USJE Hosts Parliament Hill Breakfast on Improving Mental Health Supports for Federal Public Safety Personnel

On Tuesday, February 13, the Union of Safety and Justice Employees hosted a breakfast reception on Parliament Hill to highlight the urgency of its proposed changes to the federal Government Employees Compensation Act (GECA).

At the breakfast, USJE noted that its 18,000 members work in crucial public safety roles for various departments and agencies under the jurisdiction of the Minister of Public Safety Canada, the Minister of Justice and the Attorney-General of Canada.

National President David Neufeld emphasized to guests attending the breakfast that the work USJE’s members do every day is integral to keeping our communities safe. He noted that some of the roles USJE’s members play include, to name just a few: 

  • Parole and program officers with the Correctional Service of Canada;
  • Call-takers, dispatchers and transcribers for the RCMP;
  • Case Review and Hearing Officers with the Parole Board of Canada; and
  • Legal assistants with the Department of Justice. 

By virtue of the fact that USJE members are key contributors to Canada’s public safety network, they are regularly exposed to traumatic incidents, materials, victims and criminalized persons.

Despite this, Mr. Neufeld explained that the federal Government Employees Compensation Act (GECA), as it is currently written, leaves out thousands of federal public safety personnel who suffer from psychological injuries owing to their efforts to keep Canadians safe. Consequently, USJE’s members are regularly denied Worker’s Compensation by provincial/territorial boards for their injuries which is why it is proposing key amendments to GECA.

USJE invited four Members of Parliament (MPs) to speak at its breakfast event about the value of improving access to Worker’s Compensation and mental health supports for federal public safety personnel, including USJE’s members.

These MPs included: Jennifer O’Connell, Parliamentary Secretary to the Minister of Public Safety, CPC MP Todd Doherty (Cariboo-Prince George), BQ MP Kristina Michaud (Avignon-La Mitis- Matane-Matapedia) and NDP MP Peter Julian (New Westminster-Burnaby). Liberal MP Pam Damoff was also recognized given her long-standing support for and relationship with USJE.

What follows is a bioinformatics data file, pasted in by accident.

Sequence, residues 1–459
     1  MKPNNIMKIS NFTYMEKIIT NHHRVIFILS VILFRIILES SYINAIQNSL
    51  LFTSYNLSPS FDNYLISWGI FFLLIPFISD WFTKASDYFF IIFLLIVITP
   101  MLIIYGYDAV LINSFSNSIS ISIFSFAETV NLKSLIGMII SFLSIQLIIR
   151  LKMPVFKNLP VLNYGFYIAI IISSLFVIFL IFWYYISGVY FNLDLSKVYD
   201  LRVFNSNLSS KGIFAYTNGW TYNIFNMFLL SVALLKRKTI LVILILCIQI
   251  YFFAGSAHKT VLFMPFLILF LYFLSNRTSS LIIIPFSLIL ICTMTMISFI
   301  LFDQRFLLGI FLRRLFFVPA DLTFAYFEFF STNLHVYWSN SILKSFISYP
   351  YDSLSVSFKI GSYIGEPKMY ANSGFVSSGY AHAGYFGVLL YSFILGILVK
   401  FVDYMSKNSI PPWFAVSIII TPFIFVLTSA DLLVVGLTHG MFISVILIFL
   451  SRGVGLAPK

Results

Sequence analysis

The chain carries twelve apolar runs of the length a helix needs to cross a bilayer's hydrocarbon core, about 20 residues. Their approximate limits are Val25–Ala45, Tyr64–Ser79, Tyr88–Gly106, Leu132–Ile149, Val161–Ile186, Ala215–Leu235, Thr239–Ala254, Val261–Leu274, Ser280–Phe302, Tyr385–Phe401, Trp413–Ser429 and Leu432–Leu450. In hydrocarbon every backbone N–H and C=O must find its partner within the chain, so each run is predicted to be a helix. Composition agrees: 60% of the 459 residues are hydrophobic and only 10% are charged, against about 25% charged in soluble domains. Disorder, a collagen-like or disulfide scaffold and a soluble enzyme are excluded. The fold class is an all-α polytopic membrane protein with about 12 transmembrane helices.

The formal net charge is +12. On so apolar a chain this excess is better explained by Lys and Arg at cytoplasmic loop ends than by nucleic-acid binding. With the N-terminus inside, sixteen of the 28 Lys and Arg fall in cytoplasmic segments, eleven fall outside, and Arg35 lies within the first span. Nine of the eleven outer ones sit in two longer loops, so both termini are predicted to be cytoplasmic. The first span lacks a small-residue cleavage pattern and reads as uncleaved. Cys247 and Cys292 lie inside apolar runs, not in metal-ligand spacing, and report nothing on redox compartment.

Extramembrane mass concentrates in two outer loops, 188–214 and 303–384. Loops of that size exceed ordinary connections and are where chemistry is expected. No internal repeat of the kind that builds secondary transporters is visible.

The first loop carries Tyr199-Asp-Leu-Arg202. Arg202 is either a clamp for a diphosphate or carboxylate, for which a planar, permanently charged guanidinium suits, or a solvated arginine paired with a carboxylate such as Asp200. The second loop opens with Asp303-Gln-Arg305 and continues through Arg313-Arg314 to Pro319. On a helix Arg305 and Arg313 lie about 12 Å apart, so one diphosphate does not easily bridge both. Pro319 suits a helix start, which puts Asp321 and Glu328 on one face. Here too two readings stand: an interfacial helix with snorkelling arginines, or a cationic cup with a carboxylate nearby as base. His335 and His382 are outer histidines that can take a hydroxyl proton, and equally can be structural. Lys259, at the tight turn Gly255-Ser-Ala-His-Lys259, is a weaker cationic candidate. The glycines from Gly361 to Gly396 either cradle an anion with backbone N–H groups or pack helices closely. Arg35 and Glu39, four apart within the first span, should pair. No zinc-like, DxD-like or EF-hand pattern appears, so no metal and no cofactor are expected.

All four MPs who spoke expressed their appreciation for the invitation, and their commitment to finding ways to modify the federal legislation and improve access to mental health supports. MP Peter Julian outlined that his Private Member’s Bill, Bill 357, captures many of the changes USJE is proposing to GECA, and that it can be actioned into law quickly if the Liberal government is willing to do so.   

As individuals representing four different political parties, these four MPs spoke about their willingness to identify solutions and better understand the work that USJE’s public safety personnel do.  

In addition, three members of USJE’s National Health and Safety Committee gave personal accounts during the breakfast of the impacts of their work on their mental health. These accounts were shared in order to further demonstrate why presumptive injury coverage is so critical to the well-being of federal public safety personnel. 

These individuals provided courageous first-hand experiences to MPs in the room and USJE sincerely thanks them for taking the time to share their challenges. These speakers included:  

  • JR Legault, Community Correctional Program Officer
  • Sandi Berthelotte, Case Review Officer with the Parole Board of Canada
  • Kirsty Havard who has served as an Institutional Correctional Program Officer

Throughout the breakfast, USJE’s panellists and National President David Neufeld also underscored that if its members are able to access Worker’s Compensation in a timely fashion, they are more likely to get the appropriate supports they need to increase their chances of returning to work healthy.

In so doing, it will reduce the high rates of turn-over in federal public safety personnel, and will help to sustain the corporate knowledge, training and expertise that has been developed.

From this perspective, facilitating access to presumptive injury coverage for federal public safety personnel is not simply about fairness, it is about fiscal foresight.

To conclude the breakfast, Dr. Rosemary Ricciardelli, Professor at Memorial University, and Co-Chair of the Clinician Network Advisory Council of the Canadian Institute for Public Safety Research and Treatment (CIPSRT) offered her brief remarks. She spoke about the fact that her extensive qualitative and quantitative research has demonstrated that, without a doubt, all federal public safety personnel, not just first responders, are susceptible to an occupational stress injury. 

Dr. Ricciardelli’s research further reveals that repeated exposure to traumatic materials (i.e. photographic and video evidence, transcripts, family and social stories), to victim statements, and to criminalized persons can significantly erode the mental health of federal public safety personnel over time. Further, without access to professionally trained, trauma-informed psychological supports, the mental health of those doing this crucial work is likely to further deteriorate.  

Dr. Ricciardelli noted that when individuals have no choice but to resort to using long-term disability as the only way to recover from a mental health injury, the likelihood of them returning to work is significantly lower than it would be if they were able to access Worker’s Compensation. 

Following the breakfast, MPs approached USJE’s speakers about the opportunity to meet further with USJE about what had been shared. Additionally, several of the members of USJE’s Health and Safety Advisory Committee who attended USJE’s event were able to connect with some other influencial MPs, including Official Opposition leader Pierre Poilievre.